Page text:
EU and Iran agreed late Monday to establish a financial facility in the European Union to facilitate payments for Iranian imports and exports including oil.
The European Union said Monday its members would set up a payment system to allow oil companies and businesses to continue trading with Iran in a bid to evade sanctions after the US withdrew from a nuclear agreement.
Iran and the European Union announced their defiance towards US President Donald Trump's administration after high-level talks at the United Nations among the remaining members of the accord.
The countries said in a statement that they were determined "to protect the freedom of their economic operators to pursue legitimate business with Iran."
With the United States and the dollar dominating so much of global trade, the statement said the new mechanism would "facilitate payments related to Iran's exports (including oil) and imports, which will assist and reassure economic operators pursuing legitimate business with Iran."
EU foreign policy chief Federica Mogherini, speaking at the United Nations alongside Iranian Foreign Minister Mohammad Javad Zarif, said the countries were still working out the technical details.
"In practical terms, this will mean that EU member states will set up a legal entity to facilitate legitimate financial transactions with Iran and this will allow European companies to continue to trade with Iran in accordance with European Union law and could be open to other partners in the world," she told reporters.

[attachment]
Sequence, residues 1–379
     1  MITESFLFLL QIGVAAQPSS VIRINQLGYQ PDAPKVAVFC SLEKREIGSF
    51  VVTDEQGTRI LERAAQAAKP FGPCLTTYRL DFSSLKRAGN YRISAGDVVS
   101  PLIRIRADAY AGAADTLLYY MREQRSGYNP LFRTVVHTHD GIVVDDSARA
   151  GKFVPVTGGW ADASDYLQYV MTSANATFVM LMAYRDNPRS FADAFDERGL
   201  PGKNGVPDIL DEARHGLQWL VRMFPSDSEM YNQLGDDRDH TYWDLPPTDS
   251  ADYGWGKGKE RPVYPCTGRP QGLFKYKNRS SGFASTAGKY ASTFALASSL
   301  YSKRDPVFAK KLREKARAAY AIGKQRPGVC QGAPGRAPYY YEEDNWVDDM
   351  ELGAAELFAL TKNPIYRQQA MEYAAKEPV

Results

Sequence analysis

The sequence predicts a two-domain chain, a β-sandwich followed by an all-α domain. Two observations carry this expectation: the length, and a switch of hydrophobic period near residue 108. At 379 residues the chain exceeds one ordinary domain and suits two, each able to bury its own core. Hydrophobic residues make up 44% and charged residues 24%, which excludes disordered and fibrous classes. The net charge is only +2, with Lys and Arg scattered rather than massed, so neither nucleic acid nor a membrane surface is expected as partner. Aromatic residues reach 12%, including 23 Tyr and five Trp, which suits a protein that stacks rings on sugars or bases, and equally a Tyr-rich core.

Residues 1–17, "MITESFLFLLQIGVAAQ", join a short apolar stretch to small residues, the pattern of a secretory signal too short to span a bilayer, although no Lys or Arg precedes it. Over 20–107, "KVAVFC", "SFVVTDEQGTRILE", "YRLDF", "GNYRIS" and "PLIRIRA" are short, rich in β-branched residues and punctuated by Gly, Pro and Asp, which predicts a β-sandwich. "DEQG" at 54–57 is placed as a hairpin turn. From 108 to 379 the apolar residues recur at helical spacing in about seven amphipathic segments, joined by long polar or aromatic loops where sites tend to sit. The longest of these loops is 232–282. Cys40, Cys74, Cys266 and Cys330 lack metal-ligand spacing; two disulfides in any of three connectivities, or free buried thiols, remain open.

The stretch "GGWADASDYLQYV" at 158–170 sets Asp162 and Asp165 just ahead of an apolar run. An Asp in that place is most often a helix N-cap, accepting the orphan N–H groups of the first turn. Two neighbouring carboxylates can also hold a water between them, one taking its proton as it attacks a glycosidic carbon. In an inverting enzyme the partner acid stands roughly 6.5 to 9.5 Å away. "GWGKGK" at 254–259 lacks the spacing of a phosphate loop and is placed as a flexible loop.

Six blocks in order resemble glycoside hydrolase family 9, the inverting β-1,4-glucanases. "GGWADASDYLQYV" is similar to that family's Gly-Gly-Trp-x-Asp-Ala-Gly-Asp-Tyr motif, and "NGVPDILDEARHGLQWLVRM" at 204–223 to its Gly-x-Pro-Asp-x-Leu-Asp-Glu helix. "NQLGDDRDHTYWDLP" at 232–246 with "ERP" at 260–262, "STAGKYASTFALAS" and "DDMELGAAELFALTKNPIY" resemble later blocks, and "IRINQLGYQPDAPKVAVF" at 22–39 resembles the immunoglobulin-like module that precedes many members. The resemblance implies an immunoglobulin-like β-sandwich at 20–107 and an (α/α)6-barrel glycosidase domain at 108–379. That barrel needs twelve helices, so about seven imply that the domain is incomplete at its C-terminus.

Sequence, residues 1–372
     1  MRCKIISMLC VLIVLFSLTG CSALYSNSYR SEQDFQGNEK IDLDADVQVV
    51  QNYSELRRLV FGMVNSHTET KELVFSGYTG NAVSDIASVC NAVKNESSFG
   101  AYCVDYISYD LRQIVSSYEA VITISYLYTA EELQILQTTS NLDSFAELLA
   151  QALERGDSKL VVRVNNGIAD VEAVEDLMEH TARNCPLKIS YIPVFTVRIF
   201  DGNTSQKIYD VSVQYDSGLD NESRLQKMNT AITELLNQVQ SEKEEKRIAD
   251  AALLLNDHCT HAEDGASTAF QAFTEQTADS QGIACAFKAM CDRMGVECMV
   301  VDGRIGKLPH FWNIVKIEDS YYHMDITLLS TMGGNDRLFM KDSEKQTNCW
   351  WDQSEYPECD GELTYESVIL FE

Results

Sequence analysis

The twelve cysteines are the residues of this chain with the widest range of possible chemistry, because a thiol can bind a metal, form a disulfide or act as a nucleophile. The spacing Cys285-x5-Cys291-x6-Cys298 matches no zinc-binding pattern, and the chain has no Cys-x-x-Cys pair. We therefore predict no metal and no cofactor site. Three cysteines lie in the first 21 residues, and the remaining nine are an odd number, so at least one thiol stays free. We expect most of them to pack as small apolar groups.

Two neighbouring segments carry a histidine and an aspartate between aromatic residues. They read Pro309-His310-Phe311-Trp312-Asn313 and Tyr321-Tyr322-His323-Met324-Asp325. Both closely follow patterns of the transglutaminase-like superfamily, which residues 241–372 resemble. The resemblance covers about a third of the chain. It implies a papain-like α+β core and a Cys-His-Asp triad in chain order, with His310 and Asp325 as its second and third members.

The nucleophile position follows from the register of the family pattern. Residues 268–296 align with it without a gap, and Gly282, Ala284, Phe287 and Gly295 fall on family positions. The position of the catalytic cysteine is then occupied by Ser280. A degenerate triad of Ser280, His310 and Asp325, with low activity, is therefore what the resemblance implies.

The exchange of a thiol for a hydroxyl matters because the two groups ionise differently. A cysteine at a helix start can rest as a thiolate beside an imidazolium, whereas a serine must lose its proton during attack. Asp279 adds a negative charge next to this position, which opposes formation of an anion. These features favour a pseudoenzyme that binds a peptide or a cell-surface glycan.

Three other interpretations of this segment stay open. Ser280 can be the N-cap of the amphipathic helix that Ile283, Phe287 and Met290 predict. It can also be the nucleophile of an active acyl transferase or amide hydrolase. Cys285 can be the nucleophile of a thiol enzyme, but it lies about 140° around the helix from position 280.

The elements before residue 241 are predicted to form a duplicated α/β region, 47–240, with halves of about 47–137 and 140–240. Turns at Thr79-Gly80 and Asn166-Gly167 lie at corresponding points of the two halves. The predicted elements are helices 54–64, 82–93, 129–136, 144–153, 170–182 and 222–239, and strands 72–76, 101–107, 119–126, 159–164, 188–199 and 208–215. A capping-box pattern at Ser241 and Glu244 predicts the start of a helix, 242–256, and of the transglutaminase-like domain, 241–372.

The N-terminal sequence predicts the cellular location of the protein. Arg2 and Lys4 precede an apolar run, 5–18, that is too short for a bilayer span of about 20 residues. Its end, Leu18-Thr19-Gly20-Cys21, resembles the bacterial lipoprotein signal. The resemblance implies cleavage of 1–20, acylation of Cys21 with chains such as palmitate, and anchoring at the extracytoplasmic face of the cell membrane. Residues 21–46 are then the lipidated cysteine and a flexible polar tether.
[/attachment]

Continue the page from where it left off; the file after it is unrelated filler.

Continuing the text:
She said that the remaining members of the so-called Joint Comprehensive Plan of Action -- Britain, China, France, Germany and Russia -- would also maintain their commitments to support Iran on civilian nuclear energy.
"The participants recalled that these initiatives are aimed at preserving the JCPOA, which is in the international interest," she said.
Pressure on Iranian economy
In line with findings of UN inspectors, Mogherini reiterated that Iran has been in compliance with the nuclear agreement -- under which Tehran drastically scaled back its nuclear program in exchange for relief from sanctions.
The agreement was sealed in 2015 in a signature achievement for then US president Barack Obama.
Trump pulled out of the agreement in May, describing it as a "disaster" and quickly moving to reimpose sanctions on Iran.
Despite the protests of the European Union, a number of businesses including French energy giant Total and carmakers Peugeot and Renault as well as Germany's Siemens and Daimler have already suspended operations in Iran for fear of triggering US sanctions.
With Iran's economy already feeling the pinch, US national security adviser John Bolton earlier Monday vowed to impose "maximum pressure" on Tehran, while insisting that Washington was not pushing for regime change.
US Arab allies Saudi Arabia and the United Arab Emirates as well as Israel have long sought for Washington to work to curtail non-Arab and predominantly Shia Muslim Iran's influence in the Middle East, including in war-torn Syria.
The EU move comes a day before Trump and Iranian President Hassan Rouhani separately address the UN General Assembly, with the US leader expected to take a hard line on Iran.